The Natural Law Argument

We now find that a great many things we thought were natural laws are really human conventions. You know that even in the remotest depths of stellar space there are still three feet to a yard. That is, no doubt, a very remarkable fact, but you would hardly call it a law of nature. And a great many things that have been regarded as laws of nature are of that kind. On the other hand, where you can get down to any knowledge of what atoms actually do, you will find they are much less subject to law than people thought, and that the laws at which you arrive are statistical averages of just the sort that would emerge from chance. There is, as we all know, a law that if you throw dice you will get double sixes only about once in thirty-six times, and we do not regard that as evidence that the fall of the dice is regulated by design; on the contrary, if the double sixes came every time we should think that there was design. The laws of nature are of that sort as regards a great many of them. They are statistical averages such as would emerge from the laws of chance; and that makes this whole business of natural law much less impressive than it formerly was. Quite apart from that, which represents the momentary state of science that may change tomorrow, the whole idea that natural laws imply a lawgiver is due to a confusion between natural and human laws


Many of the things we consider natural laws are really just human conventions.

Folksonomies: atheism empiricism naturalism

/science/physics (0.546605)
/law, govt and politics (0.525502)
/art and entertainment/visual art and design/design (0.213964)

natural laws (0.943322 (positive:0.704490)), human conventions (0.892783 (positive:0.704490)), statistical averages (0.856471 (neutral:0.000000)), Natural Law Argument (0.849454 (positive:0.729964)), great many things (0.825145 (positive:0.625682)), double sixes (0.824213 (neutral:0.000000)), remotest depths (0.691966 (neutral:0.000000)), stellar space (0.657085 (neutral:0.000000)), remarkable fact (0.652941 (positive:0.307569)), momentary state (0.646961 (neutral:0.000000)), human laws (0.584364 (neutral:0.000000)), nature (0.547835 (positive:0.616980)), sort (0.521956 (positive:0.661612)), chance (0.510100 (neutral:0.000000)), dice (0.503615 (neutral:0.000000)), design (0.478047 (neutral:0.000000)), lawgiver (0.464677 (neutral:0.000000)), contrary (0.459382 (negative:-0.260497)), atoms (0.456742 (negative:-0.273710)), doubt (0.455609 (neutral:0.000000)), confusion (0.452483 (neutral:0.000000)), yard (0.451503 (neutral:0.000000)), feet (0.449712 (neutral:0.000000)), kind (0.448043 (positive:0.572348)), hand (0.445240 (neutral:0.000000)), knowledge (0.445091 (negative:-0.273710)), idea (0.445008 (neutral:0.000000)), people (0.444794 (negative:-0.346646)), times (0.443522 (neutral:0.000000)), fall (0.443174 (neutral:0.000000))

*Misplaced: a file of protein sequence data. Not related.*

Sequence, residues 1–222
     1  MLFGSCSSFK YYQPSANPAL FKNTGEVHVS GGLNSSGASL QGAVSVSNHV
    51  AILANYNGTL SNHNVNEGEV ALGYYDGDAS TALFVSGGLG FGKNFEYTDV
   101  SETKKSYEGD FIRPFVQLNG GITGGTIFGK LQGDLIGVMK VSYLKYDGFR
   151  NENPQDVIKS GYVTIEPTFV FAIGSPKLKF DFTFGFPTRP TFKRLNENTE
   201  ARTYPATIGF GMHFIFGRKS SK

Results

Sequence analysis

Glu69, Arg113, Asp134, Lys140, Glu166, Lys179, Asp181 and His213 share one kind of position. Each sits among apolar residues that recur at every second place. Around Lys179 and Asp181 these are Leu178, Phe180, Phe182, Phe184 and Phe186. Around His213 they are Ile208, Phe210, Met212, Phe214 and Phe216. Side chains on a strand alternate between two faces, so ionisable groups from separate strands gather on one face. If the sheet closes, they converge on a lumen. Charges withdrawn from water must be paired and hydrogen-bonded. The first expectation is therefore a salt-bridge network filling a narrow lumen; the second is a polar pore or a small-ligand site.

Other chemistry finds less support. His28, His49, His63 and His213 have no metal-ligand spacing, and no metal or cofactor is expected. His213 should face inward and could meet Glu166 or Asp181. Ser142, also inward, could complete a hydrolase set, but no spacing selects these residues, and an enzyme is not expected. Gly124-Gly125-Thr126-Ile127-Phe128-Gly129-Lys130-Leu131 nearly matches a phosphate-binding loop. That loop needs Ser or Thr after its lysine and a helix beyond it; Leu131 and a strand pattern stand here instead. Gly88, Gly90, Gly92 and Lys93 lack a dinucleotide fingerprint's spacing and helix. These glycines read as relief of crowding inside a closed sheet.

three feet:Quantity (0.010000 (neutral:0.000000))

Natural law (0.963937): dbpedia | freebase | opencyc
Science (0.725229): dbpedia | freebase | opencyc

 Why I Am Not A Christian And Other Essays On Religion And Related Subjects
Books, Brochures, and Chapters>Book:  Russell , Bertrand (March 6, 1927), Why I Am Not A Christian And Other Essays On Religion And Related Subjects, Barlow Press, Retrieved on 2011-04-12
  • Source Material []
  • Folksonomies: atheism